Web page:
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Meet the Columnist

Columnist, Sheila Moss, is humor writer from  Tennessee. She writes  a weekly human interest column about daily life and the funny things that happen to everyone.

   She has written for  the Daily News of Kingsport,   Griffin Journal, Oakridge Now, Atlanta Woman Magazine, Aberdeen Examiner, Angleton Advocate,  and Smyrna AM, a supplement of the Murfreesboro Daily News Journal. She has been published by Voyageur Press, McGraw Hill, and the good folks at Guidepost Books.  Her articles have appeared in numerous anthologies and other publications, both in print and online.

    She is a former board member and past  Editor of  the Columnists.com, website of  the National Society of Newspaper Columnists, the oldest and largest professional organization for columnists. She is the Web Editor of Southern
Humorists.com
  and  a founder of the Southern Humorists writers' organization. She is writer, editor, and webmaster of HumorColumnist.com

    To carry her weekly column in your newspaper, or to republish an article, please contact her. It's that easy. 

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I'm Bored....
 


I'm Bored

How long since you've been really bored? Nowadays, people seem to believe that there is an inalienable right to NOT be bored. We have television, radio, computers, video, tapes, CD's, movies, cell phones, digital cams, and DVD. Heaven forbid that anyone should ever spend any time being bored.

Remember when it was actually possible to spend a boring afternoon? We were forced to find creative ways to entertain ourselves, things like reading books, doing crafts, or just daydreaming. No more. We cannot stand to be bored long enough to dream or think creatively. We rush to push buttons before boredom sets in.

When I was young, life was pretty boring, but somehow we managed to grow up anyhow. If school was not interesting, we learned to challenge ourselves. Nowadays kids must be entertained to learn. Computers provide constant feedback and stimulate learning - or at least that's what we are told.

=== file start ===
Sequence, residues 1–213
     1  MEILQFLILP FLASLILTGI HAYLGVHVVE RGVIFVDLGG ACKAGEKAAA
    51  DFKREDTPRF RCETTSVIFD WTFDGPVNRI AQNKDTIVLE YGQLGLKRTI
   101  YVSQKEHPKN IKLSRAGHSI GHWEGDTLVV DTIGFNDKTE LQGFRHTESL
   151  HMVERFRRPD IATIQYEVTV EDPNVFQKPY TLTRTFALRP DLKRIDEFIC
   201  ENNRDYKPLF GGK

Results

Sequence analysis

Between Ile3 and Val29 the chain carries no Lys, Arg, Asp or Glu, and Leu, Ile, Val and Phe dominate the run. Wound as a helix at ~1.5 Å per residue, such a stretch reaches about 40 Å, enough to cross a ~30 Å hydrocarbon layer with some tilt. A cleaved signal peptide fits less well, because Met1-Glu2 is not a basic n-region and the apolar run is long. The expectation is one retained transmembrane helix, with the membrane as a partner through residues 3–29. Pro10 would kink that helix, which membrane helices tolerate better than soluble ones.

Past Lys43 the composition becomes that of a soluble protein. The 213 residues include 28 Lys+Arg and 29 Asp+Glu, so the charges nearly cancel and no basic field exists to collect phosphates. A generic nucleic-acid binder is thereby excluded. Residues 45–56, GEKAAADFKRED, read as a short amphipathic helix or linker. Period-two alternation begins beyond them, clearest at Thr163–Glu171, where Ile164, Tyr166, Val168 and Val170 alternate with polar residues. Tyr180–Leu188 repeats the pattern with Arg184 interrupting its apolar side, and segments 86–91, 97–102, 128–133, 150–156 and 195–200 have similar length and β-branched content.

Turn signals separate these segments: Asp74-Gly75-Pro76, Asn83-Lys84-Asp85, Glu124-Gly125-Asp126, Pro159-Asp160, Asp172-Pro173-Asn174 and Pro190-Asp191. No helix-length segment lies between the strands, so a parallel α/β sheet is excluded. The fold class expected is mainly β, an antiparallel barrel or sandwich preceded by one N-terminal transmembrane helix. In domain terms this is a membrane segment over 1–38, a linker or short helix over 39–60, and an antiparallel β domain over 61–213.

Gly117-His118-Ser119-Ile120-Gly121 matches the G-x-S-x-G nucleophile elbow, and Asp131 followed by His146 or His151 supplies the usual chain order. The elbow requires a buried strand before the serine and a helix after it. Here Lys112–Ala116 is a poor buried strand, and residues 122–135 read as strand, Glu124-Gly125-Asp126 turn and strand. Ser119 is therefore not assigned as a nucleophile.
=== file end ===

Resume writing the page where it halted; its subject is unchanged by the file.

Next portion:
Somehow, our gadgets are not quite as entertaining as they used to be though. Hundreds of channels on the satellite and still we can't find anything on television worth watching. Thousands of websites, but we surf aimlessly from one site to another.

We have also become multi-taskers, eating, watching TV. working on the computer, and talking on the cell phone all at the same time. The more stimulation we have, the more we seem to need. It keeps us from being bored.

Could it be that we have become so overly stimulated that nothing truly entertains us any more? We are always looking for something better, something more interesting, something more exciting - something less boring.

"I'm bored," is not heard often anymore. And if it is, we seem to think it is our responsibility as parents, teachers, or society as a whole to provide ways to keep people from being bored. Bored children get in trouble, we are told. You have to keep kids busy, entertained. Thatís hard to do when keeping busy itself has become a bore.

There is too much to see, too much to do, too much to entertain us, too much competition for our time and attention. There is no time to watch a sunset, go for a walk, feed the birds, or rediscover the thoughts, meditations and dreams of our own mind. That's BORING!

We are filled with the voices, thoughts and words of other people, with values different from our own. The more we absorb, the more alike we all become, and the blander, more uniform and more boring life becomes.

Soon nothing will be stimulating enough to keep boredom away. We will sit among our electronic gadgets, surfing from channel to channel on the television, pushing button after button on the remote control, clicking from site to site on the computer, reading email after email as we look for a something we've not seen or heard a hundred times before.

Strange our how our minds never died from boredom in the past. Is it really so likely that they will now? Nothing is entertaining enough. Nothing is worth our time. We seek more and more of the very thing that is causing our demise. We  are stuck in information overload.

Perhaps it is time sit back and just do nothing for a while. Perhaps we need to take a little time to clear our minds and just be bored. Maybe, just maybe, a little old-fashioned boredom is not such a bad thing.


Copyright 2003 Sheila Moss
 
 



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